True innovation
Why Investing Rationally is Easier Said Than Done: Q&A with Betterment CEO Jon Stein
Free Enterprise Staff | June 30, 2014

Not so long ago, investment management was a field dominated by large financial institutions that catered primarily to wealthy clients.

Not anymore.

Entrepreneurs have pounced over the past five years on the formerly impervious sector, starting businesses that directly compete with multinational banking giants. Officially launched in 2010, Betterment was among the startups that helped trigger this industry-altering wave of innovation. Four years later, it remains one of the most successful companies to have emerged from this period of upheaval. Though unquestionably impressive, Betterment’s success shouldn’t come as a surprise to anyone who has ever met its founder and chief executive, Jon Stein.

Stein, who started working on the idea behind Betterment in 2008, has been at the company’s helm from its infancy. A lot has changed over the course of his tenure, as Betterment has brought on more than 50 new employees and gained notoriety. All the while, Stein and his team have managed to successfully steer the company amid volatile market conditions. They’ve done this so well, in fact, that they’ve thus far managed to raise more than $45 million in funding—including a recent round that netted more than $32 million.

What’s different about Betterment? Pretty much everything, explains Stein, who studied economics and human behavior as an undergrad before beginning a career in financial services. His background informs Betterment’s mission, its corporate ethos, and even the name itself, he says, adding that “I had the name Betterment before I knew exactly what we would be doing— it was about making it better.”

While working in finance, Stein realized that demand existed for a company like Betterment. His rationale? Though he knew a lot about finance—indeed, much more than the average person—he, too, was having difficulty investing his own money. “What I spotted was a need that I had,” he says.

“I had been investing on my own and I had lost money. I was an economics major, I had a CFA, and I went to business school—I was supposed to know better and I was still doing stupid things with my money.”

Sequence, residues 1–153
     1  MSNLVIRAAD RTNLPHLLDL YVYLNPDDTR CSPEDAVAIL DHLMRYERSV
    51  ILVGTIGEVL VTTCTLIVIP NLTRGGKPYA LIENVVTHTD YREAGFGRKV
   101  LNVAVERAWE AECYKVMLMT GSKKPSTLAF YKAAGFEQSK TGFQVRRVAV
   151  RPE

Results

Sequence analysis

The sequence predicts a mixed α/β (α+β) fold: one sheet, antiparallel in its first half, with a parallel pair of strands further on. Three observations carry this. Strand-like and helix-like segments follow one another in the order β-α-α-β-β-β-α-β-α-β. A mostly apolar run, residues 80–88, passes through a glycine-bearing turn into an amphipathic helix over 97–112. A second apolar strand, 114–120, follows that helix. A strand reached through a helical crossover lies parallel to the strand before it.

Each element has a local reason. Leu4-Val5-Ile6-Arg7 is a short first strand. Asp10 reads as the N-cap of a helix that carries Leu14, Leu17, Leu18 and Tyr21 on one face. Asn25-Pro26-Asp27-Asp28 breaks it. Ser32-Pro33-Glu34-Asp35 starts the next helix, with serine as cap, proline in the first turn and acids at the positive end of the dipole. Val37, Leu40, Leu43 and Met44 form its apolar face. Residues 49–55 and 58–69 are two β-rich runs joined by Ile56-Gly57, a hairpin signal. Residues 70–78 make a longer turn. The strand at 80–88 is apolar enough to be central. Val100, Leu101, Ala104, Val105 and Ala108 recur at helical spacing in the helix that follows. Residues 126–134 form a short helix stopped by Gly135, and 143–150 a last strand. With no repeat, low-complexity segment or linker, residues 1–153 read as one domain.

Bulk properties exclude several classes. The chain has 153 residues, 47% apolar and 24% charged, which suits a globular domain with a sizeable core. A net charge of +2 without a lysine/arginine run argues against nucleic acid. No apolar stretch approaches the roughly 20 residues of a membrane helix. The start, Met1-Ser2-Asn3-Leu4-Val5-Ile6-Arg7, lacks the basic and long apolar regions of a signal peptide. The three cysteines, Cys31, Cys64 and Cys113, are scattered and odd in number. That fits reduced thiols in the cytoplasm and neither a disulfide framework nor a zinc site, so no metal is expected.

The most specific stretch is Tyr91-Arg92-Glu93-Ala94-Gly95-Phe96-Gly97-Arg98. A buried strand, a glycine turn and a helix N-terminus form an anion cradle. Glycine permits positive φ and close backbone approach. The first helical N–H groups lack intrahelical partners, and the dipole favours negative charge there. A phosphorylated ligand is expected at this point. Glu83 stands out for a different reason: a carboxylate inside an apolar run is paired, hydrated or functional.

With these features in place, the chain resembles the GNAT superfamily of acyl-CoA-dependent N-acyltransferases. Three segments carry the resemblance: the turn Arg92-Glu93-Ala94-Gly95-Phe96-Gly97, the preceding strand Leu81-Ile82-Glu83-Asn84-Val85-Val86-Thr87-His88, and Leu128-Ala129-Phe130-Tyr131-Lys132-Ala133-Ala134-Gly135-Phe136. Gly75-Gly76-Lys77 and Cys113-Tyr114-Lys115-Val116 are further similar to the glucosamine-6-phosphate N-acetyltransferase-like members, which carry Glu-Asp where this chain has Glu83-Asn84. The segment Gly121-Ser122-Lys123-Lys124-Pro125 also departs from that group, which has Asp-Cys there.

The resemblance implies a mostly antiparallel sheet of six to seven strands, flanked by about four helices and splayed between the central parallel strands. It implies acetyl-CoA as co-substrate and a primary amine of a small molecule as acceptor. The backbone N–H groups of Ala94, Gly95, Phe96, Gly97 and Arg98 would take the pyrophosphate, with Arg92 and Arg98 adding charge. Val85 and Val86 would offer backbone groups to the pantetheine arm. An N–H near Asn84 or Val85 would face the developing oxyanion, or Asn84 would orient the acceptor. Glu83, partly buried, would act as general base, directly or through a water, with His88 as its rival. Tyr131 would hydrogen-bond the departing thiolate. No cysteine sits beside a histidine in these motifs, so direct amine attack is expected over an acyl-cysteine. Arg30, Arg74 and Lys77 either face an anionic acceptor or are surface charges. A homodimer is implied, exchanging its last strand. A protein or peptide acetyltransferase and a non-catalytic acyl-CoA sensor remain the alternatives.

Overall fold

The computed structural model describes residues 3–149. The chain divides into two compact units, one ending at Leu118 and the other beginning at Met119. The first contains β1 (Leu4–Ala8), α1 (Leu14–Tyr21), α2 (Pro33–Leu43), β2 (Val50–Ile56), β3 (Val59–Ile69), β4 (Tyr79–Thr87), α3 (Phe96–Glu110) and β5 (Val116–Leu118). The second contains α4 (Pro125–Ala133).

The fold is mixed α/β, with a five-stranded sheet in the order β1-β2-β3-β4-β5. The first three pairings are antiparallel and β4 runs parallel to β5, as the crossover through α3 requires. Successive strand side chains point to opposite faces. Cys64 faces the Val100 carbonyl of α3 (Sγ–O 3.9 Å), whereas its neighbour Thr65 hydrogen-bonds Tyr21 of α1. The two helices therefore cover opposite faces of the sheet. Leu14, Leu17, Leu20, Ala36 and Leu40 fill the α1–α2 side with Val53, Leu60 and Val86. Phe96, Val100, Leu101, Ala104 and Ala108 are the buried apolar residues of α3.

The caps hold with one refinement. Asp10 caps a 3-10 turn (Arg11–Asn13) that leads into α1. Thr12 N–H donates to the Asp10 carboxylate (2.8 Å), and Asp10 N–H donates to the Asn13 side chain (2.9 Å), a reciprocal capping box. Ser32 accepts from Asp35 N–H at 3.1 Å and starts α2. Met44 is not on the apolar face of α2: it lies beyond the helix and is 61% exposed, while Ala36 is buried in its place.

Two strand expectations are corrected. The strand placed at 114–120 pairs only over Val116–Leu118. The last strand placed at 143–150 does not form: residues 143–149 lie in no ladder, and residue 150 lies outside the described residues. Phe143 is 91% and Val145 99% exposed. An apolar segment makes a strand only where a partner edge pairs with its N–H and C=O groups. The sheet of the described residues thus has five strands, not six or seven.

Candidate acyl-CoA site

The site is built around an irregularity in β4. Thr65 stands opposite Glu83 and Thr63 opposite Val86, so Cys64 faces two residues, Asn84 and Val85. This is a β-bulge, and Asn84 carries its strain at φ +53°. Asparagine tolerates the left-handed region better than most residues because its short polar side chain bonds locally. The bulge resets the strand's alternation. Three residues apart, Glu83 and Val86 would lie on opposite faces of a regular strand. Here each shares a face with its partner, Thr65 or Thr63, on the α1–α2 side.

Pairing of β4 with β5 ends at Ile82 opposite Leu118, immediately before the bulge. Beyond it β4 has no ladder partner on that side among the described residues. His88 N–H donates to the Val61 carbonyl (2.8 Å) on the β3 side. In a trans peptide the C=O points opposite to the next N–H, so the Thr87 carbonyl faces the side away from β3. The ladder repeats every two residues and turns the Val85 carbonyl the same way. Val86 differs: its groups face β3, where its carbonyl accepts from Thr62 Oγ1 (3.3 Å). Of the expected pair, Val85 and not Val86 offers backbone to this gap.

These days, Stein does a lot more than invest his own money, as Betterment now has more than $650 million in assets under management. It also boasts 30,000 customers, who have an average age of approximately 36, Steins say—much younger than that of its established competitors.

Stein recently sat down for an interview with Free Enterprise at Betterment’s headquarters in Manhattan’s Flatiron district.

FE: Can you talk about your background and what led you to start Betterment?

“I studied economics and human behavior in college. And I learned that making rational decisions is very important and valuable to us—that’s what economics teaches us—and also that we’re incredibly irrational. I sought to reconcile that.

When I graduated I thought I might go into medicine, but I realized I wasn’t going to have the impact that I wanted to, which was bigger than helping individual patients. I ended up in business, in financial services, which was an industry that was making profits hand over fist and growing like crazy. I saw a lot of practices that I thought were unsavory … and I knew there had to be a better way.”

FE: How has Betterment evolved since you founded it?

The original idea was to take the simplicity and the simple value proposition of ING Direct and the investing efficiency of Vanguard and combine those into a nice, easy-to-use investment account.

Over the years our product has become a lot more sophisticated. We do very elegant and amazing—better than anybody else—tax management. We rebalance for you automatically. We’re reinvesting your dividends in very intelligent ways to make you more money, to get you to your goals faster, and so on. But that core idea of making investing accessible to everyone still drives us and that accessibility remains important to us.”

FE: What’s your investment strategy?

“We operate on ETFs and we hold ETFs just for you. We can replicate any sort of fund and we personalize the funds that we choose based on your goals so it’s made perfectly for you. If you want to make a change, we don’t have to sell the whole thing—we can just sell a little bit at the margin and we do that in a very tax efficient way. The result for you is that personalization actually makes you more money and gets you to your goals faster than if you were to use one of the old school mutual fund options.”

FE: What advantages does Betterment have over traditional banks?

“There are a lot of advantages. I think the simplest way to say it is that we’ll get you a better return, in less time, at a lower cost than those competitors. We have built a full-stacked, vertically integrated platform. That means that we’ve cut out a lot of the inefficiencies of those older technology players. We can deliver you at lower cost a better and more personalized portfolio in less time, one that will you get—in the end—higher returns because it’s more personalized and managed specifically for you.”

FE: What’s the most common investment mistake you see?

“By far the most significant financial mistake that people make is under-saving. There is nothing more important than saving enough money. You can spend all the time in the world optimizing but fundamentally you just have to save more.”